That's the far smallest part of the business. The biggest percentage is in what I would call, if you hear me talk about omnichannel. That's a world, in which you see a hearing care professional for the most important meetings. Other ones, you do over the phone while with remote fitting, a capability Blamey And Saunders developed. They had developed their own hearing aid, which has these capabilities. And so I think about Blamey And Saunders first as an attractive retailer, 1% market channel in Australia but growing and with a good pathway to a good profitability. And then a world in which we particularly learn about the omnichannel because that was -- is a tricky one when you think about a 3,500 store network, which are running very tight and very much on the traditional sales model on whether we find opportunities to learn, what are the consumer want to have from a fitting perspective online, what interaction do they want with -- through a call center, what interaction do they want to have in person. So they are predominantly an omnichannel model.

The second largest bit is people come completely to the store. They sell at normal prices in the marketplace. They sell at comparable prices in all of the 3 different business models and clearly good prices. And so for us, it is a good addition to the audiological care, gets us some market share with some profitability or LCM in Australia. But at the same time, we have a place where we learn, particularly on the omnichannel side, which we believe we need to move to at least for a subset of the consumers in all of our retail.

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Unidentified Analyst, [82]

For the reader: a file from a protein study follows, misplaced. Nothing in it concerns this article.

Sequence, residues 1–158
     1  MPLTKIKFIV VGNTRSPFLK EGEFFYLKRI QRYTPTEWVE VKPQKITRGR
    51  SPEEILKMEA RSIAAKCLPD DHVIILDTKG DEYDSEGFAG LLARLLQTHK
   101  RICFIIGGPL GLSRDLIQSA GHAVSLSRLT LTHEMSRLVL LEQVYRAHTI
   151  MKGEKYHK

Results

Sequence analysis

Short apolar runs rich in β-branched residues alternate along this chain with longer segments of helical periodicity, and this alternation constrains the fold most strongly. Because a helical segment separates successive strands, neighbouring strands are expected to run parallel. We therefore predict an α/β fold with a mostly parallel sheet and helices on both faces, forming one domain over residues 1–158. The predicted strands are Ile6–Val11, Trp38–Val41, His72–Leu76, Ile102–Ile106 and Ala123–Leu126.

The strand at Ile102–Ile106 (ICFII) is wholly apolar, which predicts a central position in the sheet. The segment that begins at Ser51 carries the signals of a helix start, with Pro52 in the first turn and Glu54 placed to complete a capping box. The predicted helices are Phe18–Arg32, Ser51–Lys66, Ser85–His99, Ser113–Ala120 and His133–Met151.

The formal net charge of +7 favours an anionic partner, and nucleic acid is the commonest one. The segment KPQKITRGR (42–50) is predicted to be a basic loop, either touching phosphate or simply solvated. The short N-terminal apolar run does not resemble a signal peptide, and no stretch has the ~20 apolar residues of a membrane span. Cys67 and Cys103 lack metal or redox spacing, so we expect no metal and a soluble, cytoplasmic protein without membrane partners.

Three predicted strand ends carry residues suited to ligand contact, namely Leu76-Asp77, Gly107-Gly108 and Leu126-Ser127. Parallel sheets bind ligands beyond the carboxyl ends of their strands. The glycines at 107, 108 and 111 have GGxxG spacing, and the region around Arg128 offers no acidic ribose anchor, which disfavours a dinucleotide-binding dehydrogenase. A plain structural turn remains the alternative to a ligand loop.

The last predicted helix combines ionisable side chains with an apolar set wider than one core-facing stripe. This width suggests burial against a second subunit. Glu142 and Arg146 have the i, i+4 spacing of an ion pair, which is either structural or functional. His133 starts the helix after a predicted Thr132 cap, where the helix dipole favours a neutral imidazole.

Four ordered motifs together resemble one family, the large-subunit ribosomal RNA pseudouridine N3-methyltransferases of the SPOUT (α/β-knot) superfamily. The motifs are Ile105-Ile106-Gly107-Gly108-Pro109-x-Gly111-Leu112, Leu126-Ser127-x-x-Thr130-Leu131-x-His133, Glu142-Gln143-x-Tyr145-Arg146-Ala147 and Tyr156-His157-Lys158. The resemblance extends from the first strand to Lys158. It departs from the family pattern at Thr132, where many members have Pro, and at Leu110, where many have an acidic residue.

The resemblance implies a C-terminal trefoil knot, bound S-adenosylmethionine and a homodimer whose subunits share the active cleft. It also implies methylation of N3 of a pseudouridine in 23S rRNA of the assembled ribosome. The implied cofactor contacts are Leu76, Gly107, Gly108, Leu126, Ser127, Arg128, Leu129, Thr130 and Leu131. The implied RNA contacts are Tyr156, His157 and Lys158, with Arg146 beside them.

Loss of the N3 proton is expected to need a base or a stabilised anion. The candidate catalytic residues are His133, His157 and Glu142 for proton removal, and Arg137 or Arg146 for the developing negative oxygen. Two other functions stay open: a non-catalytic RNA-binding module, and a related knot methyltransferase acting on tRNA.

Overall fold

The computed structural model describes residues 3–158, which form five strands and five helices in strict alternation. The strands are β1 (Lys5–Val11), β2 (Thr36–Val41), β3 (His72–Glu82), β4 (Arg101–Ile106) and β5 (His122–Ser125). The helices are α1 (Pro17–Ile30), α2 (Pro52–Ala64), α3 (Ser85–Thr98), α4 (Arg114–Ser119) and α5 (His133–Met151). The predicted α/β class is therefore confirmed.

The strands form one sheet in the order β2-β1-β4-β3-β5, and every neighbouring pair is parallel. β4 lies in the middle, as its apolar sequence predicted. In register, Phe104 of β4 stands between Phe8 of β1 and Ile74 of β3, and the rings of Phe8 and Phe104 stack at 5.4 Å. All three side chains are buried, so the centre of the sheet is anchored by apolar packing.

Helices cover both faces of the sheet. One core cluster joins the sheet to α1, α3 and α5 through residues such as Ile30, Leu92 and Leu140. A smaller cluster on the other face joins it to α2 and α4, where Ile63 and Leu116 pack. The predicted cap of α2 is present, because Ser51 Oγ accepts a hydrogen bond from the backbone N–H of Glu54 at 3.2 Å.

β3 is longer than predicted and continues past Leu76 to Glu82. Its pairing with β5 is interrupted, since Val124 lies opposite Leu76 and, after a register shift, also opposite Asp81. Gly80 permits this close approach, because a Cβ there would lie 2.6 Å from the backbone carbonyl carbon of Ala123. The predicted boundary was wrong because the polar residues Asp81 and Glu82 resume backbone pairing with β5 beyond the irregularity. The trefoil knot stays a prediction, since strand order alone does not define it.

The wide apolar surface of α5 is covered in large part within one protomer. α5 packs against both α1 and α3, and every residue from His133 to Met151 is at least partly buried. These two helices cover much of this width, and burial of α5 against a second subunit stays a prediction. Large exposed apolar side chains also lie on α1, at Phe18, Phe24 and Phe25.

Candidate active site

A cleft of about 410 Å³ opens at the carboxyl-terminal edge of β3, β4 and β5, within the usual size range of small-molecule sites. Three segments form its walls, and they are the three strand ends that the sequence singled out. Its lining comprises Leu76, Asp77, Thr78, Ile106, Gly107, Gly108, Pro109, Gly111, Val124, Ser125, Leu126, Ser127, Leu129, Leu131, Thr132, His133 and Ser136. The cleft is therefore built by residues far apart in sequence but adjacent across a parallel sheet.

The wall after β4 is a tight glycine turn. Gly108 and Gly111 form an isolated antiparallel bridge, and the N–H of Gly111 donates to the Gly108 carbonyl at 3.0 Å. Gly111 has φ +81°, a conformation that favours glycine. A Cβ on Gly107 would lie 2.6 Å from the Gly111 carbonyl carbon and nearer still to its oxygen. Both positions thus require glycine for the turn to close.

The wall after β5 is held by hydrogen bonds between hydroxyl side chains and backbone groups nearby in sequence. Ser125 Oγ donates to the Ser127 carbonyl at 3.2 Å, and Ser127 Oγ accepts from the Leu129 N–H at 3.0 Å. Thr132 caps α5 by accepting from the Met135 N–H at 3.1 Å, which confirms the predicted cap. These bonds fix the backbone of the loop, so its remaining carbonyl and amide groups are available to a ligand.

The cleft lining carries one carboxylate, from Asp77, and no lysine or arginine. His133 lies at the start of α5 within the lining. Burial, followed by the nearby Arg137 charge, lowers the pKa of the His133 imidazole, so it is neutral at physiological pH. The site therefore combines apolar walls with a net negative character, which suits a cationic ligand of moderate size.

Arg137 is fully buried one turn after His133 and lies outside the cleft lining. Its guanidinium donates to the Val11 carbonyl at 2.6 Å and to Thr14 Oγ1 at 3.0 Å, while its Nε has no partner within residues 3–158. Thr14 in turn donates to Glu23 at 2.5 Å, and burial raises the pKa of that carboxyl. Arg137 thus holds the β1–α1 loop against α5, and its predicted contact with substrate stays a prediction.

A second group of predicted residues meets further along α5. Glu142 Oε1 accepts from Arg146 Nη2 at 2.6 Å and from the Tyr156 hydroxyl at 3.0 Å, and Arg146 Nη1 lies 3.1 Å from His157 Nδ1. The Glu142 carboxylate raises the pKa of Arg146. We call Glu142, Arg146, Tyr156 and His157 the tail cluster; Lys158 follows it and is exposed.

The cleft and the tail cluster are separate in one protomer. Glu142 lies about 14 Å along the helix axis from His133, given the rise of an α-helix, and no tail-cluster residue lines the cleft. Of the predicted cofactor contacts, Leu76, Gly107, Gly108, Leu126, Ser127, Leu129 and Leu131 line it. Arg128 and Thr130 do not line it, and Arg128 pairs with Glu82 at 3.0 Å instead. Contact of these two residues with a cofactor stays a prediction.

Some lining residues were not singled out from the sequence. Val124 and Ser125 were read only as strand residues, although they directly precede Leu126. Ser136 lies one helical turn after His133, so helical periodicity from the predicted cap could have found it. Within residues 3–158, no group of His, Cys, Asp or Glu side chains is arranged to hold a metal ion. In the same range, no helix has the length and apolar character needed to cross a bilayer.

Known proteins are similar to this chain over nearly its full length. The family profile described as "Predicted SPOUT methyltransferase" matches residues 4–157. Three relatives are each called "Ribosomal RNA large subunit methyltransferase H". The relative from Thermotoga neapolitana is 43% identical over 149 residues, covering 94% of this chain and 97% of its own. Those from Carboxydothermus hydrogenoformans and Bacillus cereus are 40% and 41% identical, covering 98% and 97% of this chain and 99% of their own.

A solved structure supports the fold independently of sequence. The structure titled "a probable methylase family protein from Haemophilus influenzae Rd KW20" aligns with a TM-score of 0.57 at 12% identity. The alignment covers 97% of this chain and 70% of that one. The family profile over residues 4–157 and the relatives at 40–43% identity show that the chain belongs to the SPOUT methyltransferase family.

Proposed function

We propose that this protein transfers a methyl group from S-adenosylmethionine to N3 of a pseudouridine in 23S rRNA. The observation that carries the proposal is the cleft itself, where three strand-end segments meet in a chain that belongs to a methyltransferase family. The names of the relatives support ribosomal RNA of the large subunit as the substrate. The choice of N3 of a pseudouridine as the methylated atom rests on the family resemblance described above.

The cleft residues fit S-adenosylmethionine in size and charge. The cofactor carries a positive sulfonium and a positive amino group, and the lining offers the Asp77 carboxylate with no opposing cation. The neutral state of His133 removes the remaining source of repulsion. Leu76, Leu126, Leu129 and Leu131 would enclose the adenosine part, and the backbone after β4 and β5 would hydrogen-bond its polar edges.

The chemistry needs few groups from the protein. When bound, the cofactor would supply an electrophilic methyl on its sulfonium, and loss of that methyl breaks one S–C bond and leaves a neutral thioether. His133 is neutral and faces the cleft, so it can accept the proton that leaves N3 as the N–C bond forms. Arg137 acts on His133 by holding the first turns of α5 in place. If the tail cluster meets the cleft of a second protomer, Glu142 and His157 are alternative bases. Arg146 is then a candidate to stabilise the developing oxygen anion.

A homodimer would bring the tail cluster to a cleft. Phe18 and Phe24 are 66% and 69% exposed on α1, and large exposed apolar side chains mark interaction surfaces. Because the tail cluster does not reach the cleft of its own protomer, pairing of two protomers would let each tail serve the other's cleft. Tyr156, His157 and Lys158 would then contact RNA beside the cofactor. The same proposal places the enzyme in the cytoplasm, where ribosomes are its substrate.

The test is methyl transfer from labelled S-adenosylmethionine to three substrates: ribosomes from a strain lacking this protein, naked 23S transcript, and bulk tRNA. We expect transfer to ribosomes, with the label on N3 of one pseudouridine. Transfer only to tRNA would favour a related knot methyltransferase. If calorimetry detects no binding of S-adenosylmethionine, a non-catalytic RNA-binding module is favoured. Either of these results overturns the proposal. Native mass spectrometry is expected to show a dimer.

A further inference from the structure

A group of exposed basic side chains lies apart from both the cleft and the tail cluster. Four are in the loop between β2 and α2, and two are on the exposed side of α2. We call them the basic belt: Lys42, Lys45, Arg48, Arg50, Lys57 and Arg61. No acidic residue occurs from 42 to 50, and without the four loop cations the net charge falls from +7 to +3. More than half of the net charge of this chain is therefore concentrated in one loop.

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And when you're looking at the learning curve, I believe they also have a self-fitting hearing device that they've launched last year with a very modern rechargeability functionality whereby you have to do.

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Arnd Kaldowski, Sonova Holding AG - CEO, COO & Member of Management Board [83]

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The product you're talking about is called Facett. It still has an interaction on the remote fit -- on the fitting side with regard to the interaction with the hearing care professional in the store. So there is a relationship between the product and the store. And there's a conversation, interaction between the store and the product. The other one product is in the store, optimized before they send it out. So I don't see that as a self-fitting in any shape or form. The first is done by the hearing care professional, and then there's a remote fitting connection in which they fully optimize the device. So for me, it's an omnichannel.

We're not seeing this -- and we had this discussion when we discussed OTC. We're not seeing, nor in the U.S. in [BOC,] nor in Australia or other places, this enormous demand for pure online. We just don't see it. Unit volumes, we don't see it in our [BOC.] What we do see is many consumers will say, look, some of the interaction, we want to handle differently. And more, they're looking for any place, any time interaction. I think it's our homework to figure out how we do that. But we do believe that the hearing care professional plays an important role in the selection of the right technology, the coaching of the consumer as well as the fitting of the device, but I think the model will change over time to a more anytime, anyplace interaction with a hearing care professional.

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Unidentified Analyst, [84]

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I have 4 questions. Now first, are the DTC. Actually, could you now elaborate on your investment and also kind of the returns you're seeing on this investment? And how you basically ensure that you also kind of benefit directly from the investment, and is it all under really a strategy for markets where you also have your own retail channels, not just Germany?

And the second question is just on restructuring. Are there any more measures now we should expect now to come up?

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Arnd Kaldowski, Sonova Holding AG - CEO, COO & Member of Management Board [85]